1. Start by stopping: Stop comparing yourself to other business-people. Create a personal – professional balance that works for you. Remember that no one is perfect and we all have some form of challenges.  Find ways to self-motivate, use positive affirmations and favorite sayings to elevate your mood and mindset.  Have regular appointments for self-care, and these appointments should be non-negotiable.
  2. Find an organization calendar or app that works for you. There are many out there, but we all have different personalities and we have to use what works best for ourselves as individuals. Ensure that you can see in one place all the roles, so that there is less chance of conflict and stress.
  3. While being organized and structured is key to achieving goals and living to your fullest potential, accept that things will not be perfect and the best laid plans can be disrupted by busy seasons, child care, school demands or crises at work. Have a plan to get back on track quickly in those situations.
  4. Have a social circle and social network that supports you and your goals. Use delegation both at home and at work to members of your home and work team. Sometimes as women, we feel obligated to do it alone but that is not good for our mental health in the long term.
  5. Have long term personal and professional goals set and track to align your behaviors and activities with these goals. Time is precious and most time is limited, so using that time for developing yourself is essential.
  6. Make exercise a required appointment in your schedule. Workouts can be done in time capsules and varied depending on your personal needs. Create a workout schedule and try incorporating it into other activities in which you may be engaged.  Simple replacements like taking the stairs and not the elevator, or walking a predetermined distance to work, all add up over time.  Exercise is one intervention validated in several scientific studies to contribute to improved mental health and wellbeing.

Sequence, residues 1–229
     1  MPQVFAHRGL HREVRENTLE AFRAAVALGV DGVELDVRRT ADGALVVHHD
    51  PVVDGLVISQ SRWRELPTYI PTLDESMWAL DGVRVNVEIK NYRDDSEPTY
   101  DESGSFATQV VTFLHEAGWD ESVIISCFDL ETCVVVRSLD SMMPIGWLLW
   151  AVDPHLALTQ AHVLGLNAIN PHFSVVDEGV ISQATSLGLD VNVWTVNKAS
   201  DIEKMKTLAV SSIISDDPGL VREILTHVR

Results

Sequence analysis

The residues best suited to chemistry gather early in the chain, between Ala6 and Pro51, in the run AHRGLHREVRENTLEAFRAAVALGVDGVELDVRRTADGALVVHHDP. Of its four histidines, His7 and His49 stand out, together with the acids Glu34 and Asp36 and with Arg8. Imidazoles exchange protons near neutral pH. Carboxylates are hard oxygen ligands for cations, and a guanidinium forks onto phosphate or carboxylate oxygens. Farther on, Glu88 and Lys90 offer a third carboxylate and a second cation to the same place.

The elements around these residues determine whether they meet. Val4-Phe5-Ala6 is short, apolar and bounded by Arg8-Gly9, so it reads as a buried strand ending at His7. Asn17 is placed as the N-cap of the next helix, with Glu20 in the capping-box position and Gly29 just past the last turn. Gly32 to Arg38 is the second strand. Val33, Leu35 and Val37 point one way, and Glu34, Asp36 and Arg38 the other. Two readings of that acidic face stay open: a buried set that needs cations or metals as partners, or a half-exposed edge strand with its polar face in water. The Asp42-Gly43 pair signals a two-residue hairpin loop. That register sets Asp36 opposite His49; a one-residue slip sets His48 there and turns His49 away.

7. Take real time outs. Have device-free days and social media-free periods. Go out with friends, family, significant others; plan time outs and quiet times. The “over connectedness” and “infodemic” age contributes to the high level of stress as a part of our multiple roles.
  8. Take care of your health both physical and mental. Women present more often to doctors with health care issues, and while this may just be our health seeking behavior styles, the reality is our life demands place us at risk for multiple health conditions. Depression and anxiety are at an all-time high, as are diabetes, hypertension and cancer.  Women are in the lead –of the affected. Taking care of ourselves first, is paramount, in order for us to take care of others as we are so often needed to do.

Accept that finding that “sweet spot” between work and home is not a perfect science and we must let go of the ideal in our heads. Do your very best in each area of responsibility and advocate for what you may need to be successful.  We are not required to be perfect; we should only aim to live our best lives possible in the time we have allocated on this earth.